I think this is how Logos does things Dan. But in their mind they don't view it as a "robbing Peter to pay Paul" or some kind of socialistic re-distribution of wealth. They figure it is ok for them to charge a certain rate for a product they have created (whether or not they paid a fortune to acquire the rights or if it came to them free) and then take their profits (large or small) and underwrite resources they want to publish that very few others are willing to pay for. I happen to think that model is fine but my opinion stops at the edge of their lawn as far as they are concerned. I was watching one of Seth Godin's videos "It's Broke" where Seth says many customers can truly believe a company's system is flawed while the company is just fine with the current set-up because it accomplishes what it is designed to do. Godin believes bicyclists should not be required to pay the same taxes motor vehicle operators pay. But I would counter the "country bumpkins" living in "fly-over country" shouldn't have to defend the great coastal cities from foreign invasion. (I mean, what enemy would really want to own "fly-over country?" Even most of America doesn't regard it very highly.Surprise.)

Dan DeVilder:
I have read multiple places how often Amazon undercuts even their cost for the sheer purpose of getting market share.
That is the predatory style Walmart perfected. Many small town pharmacies and mom & pop stores were put out of business (by design) using this tactic. I bet sometimes Logos charges more just to give the other Bible software companies a chance to catch their breath. Barry Switzer, former football coach of Oklahoma University & the Dallas Cowboys, would send in his second and third teams when he was trouncing the opponent. One time a totally inept team was shut out with some 84 to 0 trouncing. They complained Switzer was mean to them, to which Barry replied; "Who else could I send in? The waterboys? Every kid on the bench got to play in that game!"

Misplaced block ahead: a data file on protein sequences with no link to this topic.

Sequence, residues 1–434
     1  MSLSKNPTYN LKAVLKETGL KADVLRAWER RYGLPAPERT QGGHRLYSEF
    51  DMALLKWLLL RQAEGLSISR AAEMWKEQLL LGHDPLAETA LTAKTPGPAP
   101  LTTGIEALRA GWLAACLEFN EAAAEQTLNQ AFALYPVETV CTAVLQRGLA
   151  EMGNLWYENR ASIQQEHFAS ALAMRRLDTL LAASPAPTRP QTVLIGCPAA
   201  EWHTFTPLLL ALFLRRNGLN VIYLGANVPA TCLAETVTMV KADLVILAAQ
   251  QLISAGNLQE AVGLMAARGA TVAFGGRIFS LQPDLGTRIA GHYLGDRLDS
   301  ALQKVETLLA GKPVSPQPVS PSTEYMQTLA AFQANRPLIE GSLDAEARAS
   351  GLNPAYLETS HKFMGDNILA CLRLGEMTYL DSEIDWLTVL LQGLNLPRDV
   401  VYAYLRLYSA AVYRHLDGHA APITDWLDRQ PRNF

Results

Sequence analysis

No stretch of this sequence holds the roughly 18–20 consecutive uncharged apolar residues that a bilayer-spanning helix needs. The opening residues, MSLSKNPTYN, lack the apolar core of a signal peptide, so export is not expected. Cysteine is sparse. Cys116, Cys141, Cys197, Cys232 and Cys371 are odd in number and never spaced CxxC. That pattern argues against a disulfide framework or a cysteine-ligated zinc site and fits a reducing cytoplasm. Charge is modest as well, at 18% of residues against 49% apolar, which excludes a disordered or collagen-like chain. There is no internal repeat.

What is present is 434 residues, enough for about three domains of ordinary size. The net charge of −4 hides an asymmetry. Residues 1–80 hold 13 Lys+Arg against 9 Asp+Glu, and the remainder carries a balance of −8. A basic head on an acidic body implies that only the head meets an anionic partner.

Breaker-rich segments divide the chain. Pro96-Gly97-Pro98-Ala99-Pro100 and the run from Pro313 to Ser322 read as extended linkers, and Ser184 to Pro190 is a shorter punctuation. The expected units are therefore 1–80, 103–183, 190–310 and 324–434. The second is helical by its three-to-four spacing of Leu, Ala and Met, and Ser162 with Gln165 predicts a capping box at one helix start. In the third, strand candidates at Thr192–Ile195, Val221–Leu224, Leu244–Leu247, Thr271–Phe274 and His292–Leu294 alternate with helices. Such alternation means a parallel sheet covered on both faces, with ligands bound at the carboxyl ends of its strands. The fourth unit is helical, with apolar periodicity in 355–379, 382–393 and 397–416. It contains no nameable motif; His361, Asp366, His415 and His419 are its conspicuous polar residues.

As for the return on investment; I promise you, it varies wildly from one resource to another. Taken on an individual basis, some resources make a killing, others would be considered a waste of time if profit margins and ROI are the only things considered. But Logos appears to be using revenues to help shore up the weaker family members and publish what they could not otherwise afford. This is fine with me because the money they are using quit being "mine" when I traded it for resources.

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Matthew C Jones | Forum Activity | Replied: Sat, Mar 3 2012 8:21 AM

toughski:
I believe a more accurate analogy would be: paying a pizza delivery driver as much for delivery as the pizza itself. I have never seen anyone do that.
My sister's first job was being a carhop at a drive-in hamburger joint. She would frequently get a $20 tip for carrying a 50 cent coke to a customer. (Yes, the customers were pimps with ulterior motives, but that is besides the point.) My Navy son is an overly generous tipper because he feels for the working class.